Bhabua: Bhabua is the headquarters of Kaimur district. This municipal town lies 14 Km south of G. T. Road connected by a road to be reached from Bhabua Road Railway station on Grand Chord Railway line.
Bhagwanpur: Bhagwanpur is situated 11 Km south of Bhabua near the Kaimur hills. It is said to have been the seat of power of Kumar Chandrasen Saran Singh, who claimed his descent from Paras. It was confiscated by Sher Shah from Raja Shaliwahan but later restored to his successor during the reign of Akbar.
Chainpur: Situated 11 Km west of Bhabua headquarters it is credited with a great mausoleum of Bakhtiar Khan, who is said to have married the daughter of Sher Shah. The fort at Chainpur is a structure of Suri or Akbar period. The Hindu shrine of "Harsu Brahm" is famous in the locality. It is said that Kanyalkubya priest of Raja Shaliwahan, named Harshu Pandey, ended his life in protest against demolition of his house but during his cremation was seen standing at the cremation site at Varanasi.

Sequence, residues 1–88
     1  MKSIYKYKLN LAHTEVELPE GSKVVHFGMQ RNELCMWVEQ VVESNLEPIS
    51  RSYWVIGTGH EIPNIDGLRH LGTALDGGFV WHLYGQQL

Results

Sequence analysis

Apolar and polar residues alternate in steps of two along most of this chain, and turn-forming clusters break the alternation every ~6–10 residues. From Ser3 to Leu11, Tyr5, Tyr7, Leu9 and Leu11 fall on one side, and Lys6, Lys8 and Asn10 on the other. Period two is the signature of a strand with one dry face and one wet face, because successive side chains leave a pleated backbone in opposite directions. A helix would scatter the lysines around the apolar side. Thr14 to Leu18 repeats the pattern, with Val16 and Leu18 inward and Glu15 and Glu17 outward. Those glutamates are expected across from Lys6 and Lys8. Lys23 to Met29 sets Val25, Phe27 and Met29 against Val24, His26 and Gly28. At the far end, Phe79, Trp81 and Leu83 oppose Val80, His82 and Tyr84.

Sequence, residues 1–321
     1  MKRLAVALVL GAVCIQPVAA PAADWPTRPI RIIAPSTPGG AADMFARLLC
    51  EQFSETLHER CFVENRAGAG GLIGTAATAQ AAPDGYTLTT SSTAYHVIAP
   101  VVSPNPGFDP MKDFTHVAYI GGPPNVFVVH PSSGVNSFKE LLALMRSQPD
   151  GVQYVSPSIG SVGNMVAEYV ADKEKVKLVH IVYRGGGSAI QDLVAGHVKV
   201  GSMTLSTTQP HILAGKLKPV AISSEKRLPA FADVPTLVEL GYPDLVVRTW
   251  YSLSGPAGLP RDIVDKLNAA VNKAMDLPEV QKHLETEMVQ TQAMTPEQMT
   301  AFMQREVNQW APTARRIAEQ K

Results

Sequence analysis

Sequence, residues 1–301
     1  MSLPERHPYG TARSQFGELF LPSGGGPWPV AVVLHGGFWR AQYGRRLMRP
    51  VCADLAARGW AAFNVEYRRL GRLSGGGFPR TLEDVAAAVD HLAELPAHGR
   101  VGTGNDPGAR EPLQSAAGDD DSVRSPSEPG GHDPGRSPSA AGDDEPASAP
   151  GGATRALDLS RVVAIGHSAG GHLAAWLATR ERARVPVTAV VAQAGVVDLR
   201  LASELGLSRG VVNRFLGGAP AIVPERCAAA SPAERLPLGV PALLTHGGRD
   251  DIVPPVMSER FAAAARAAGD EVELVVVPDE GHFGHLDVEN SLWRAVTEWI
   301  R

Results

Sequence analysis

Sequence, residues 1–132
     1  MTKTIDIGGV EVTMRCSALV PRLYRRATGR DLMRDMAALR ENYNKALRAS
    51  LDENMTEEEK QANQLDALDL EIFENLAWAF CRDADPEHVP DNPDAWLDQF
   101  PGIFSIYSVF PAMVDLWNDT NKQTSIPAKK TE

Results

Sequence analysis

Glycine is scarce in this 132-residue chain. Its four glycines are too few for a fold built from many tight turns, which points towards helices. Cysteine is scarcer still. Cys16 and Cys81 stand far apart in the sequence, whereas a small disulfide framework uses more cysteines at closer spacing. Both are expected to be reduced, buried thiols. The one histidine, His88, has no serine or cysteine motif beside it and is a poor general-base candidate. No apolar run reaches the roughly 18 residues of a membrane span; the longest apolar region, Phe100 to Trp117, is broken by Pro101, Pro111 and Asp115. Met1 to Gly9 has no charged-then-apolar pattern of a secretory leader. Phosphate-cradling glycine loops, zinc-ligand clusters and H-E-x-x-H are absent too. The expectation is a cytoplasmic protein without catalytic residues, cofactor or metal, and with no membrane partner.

Chorghatia: Chorghatia village in Adhaura block is an excellent beauty spot with a waterfall amidst beautiful scenery.
Durauli: Durauli village situated 8 Km North -East of Ramgarh contains two old temples built by the Cheros.
Ramgarh: Ramgarh village in the Bhagwanpur block in Bhabua Subdivision contains the famous Mundeshwari temple, built on a hilltop at a height of about 600 feet. Inscriptions of archeological importance found here describe the temple to be old enough to have been built around the year 635 A.D.